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Postby Imperium Anglorum » Mon Sep 12, 2022 3:46 pm

Comfed wrote:I would very much like to see a blocker clause enabling nations to still ban cannibalism within their borders. You know, just in case :P

Done.

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Comfed
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Postby Comfed » Mon Sep 12, 2022 3:49 pm

Imperium Anglorum wrote:
Comfed wrote:I would very much like to see a blocker clause enabling nations to still ban cannibalism within their borders. You know, just in case :P

Done.

Excellent.
TNP EIA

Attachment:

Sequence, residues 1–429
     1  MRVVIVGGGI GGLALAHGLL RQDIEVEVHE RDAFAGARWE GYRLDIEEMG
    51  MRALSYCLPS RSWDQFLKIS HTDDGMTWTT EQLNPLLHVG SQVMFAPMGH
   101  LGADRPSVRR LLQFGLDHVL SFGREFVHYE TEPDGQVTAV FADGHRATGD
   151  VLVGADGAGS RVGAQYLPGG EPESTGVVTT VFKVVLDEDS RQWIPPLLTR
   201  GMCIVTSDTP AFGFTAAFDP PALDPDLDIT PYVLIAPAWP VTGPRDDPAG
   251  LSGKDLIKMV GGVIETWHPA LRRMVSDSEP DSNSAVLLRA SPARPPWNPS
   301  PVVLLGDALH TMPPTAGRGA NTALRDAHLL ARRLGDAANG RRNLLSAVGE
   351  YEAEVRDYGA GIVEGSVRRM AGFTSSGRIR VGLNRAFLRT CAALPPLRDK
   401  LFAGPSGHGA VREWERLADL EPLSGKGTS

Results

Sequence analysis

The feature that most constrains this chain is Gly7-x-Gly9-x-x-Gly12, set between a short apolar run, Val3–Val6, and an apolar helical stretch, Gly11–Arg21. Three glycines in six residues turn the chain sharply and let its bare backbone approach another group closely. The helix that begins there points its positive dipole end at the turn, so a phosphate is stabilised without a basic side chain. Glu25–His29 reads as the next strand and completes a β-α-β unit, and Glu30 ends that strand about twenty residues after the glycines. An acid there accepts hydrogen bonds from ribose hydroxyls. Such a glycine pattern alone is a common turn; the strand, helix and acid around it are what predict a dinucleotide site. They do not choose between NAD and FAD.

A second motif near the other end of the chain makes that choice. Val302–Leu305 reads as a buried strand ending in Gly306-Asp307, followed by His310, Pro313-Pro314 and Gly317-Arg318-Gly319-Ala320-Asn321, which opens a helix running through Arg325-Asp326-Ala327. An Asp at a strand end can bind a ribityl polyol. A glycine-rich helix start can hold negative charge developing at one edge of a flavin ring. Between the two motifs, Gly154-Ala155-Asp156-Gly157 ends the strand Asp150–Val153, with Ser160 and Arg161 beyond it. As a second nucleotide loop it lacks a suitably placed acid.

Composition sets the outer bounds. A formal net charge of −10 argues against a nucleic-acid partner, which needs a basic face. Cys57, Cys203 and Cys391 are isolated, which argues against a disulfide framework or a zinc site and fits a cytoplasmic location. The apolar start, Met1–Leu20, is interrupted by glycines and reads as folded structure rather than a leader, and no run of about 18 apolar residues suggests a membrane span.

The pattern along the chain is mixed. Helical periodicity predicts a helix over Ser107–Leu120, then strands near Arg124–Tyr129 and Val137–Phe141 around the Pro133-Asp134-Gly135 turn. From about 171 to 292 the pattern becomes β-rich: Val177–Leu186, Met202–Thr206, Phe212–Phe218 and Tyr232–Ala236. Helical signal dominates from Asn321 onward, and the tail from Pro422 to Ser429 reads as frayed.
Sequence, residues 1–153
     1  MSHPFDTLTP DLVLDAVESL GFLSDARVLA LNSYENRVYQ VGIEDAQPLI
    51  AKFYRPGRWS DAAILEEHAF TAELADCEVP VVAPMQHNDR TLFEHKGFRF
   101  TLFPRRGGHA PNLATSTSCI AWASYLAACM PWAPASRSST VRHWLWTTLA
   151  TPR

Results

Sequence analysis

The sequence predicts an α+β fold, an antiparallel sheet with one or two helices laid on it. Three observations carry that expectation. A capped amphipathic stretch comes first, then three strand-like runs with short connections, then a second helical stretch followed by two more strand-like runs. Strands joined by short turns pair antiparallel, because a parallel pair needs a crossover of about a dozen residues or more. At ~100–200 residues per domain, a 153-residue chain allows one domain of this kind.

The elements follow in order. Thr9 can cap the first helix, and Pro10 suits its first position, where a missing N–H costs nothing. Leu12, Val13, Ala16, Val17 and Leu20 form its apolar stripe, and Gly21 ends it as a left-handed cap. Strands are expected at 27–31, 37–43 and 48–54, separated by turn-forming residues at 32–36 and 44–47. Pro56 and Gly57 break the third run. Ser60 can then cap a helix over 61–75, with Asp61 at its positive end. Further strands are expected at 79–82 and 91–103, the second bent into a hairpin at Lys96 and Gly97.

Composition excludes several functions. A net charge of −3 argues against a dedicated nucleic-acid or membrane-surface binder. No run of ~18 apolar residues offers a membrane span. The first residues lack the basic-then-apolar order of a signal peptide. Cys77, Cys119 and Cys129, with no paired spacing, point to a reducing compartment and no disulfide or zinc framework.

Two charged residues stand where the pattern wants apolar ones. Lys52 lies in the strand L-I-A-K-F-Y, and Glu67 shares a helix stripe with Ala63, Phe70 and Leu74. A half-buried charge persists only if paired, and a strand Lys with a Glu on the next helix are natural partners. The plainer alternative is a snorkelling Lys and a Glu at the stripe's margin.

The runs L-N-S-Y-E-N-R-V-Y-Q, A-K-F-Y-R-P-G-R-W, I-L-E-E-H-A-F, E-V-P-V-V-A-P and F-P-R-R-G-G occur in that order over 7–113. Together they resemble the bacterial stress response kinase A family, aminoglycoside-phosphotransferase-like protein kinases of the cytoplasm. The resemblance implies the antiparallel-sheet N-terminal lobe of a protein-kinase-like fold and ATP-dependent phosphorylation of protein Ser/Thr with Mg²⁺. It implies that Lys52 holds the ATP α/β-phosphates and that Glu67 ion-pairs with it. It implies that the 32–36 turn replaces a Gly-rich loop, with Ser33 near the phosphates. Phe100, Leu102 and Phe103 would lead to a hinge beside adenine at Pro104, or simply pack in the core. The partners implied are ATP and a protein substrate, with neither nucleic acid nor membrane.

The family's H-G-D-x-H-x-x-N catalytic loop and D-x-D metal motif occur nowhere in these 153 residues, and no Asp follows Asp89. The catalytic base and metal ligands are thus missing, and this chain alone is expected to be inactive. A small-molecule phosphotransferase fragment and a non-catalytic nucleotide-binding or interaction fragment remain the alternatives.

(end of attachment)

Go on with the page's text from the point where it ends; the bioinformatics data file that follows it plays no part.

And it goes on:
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10000 Islands Foreign Affairs wrote:~The population of 10000 Islands suffered a huge increase
Ankuran wrote:"Here's Form T-34 for issuing a bribe. Enter the recipient's name here, check reason for bribe here, enter amount here. Now we'll just swipe your card here. Would you like to join our Frequent Briber's Club? Get five percent cash back on your first bribe."
[violet] wrote:lol
Douglas Adams wrote:In the beginning the Universe was created. This has made a lot of people very angry and been widely regarded as a bad move.
Fool me once, shame on you. Fool me twice, everybody dies.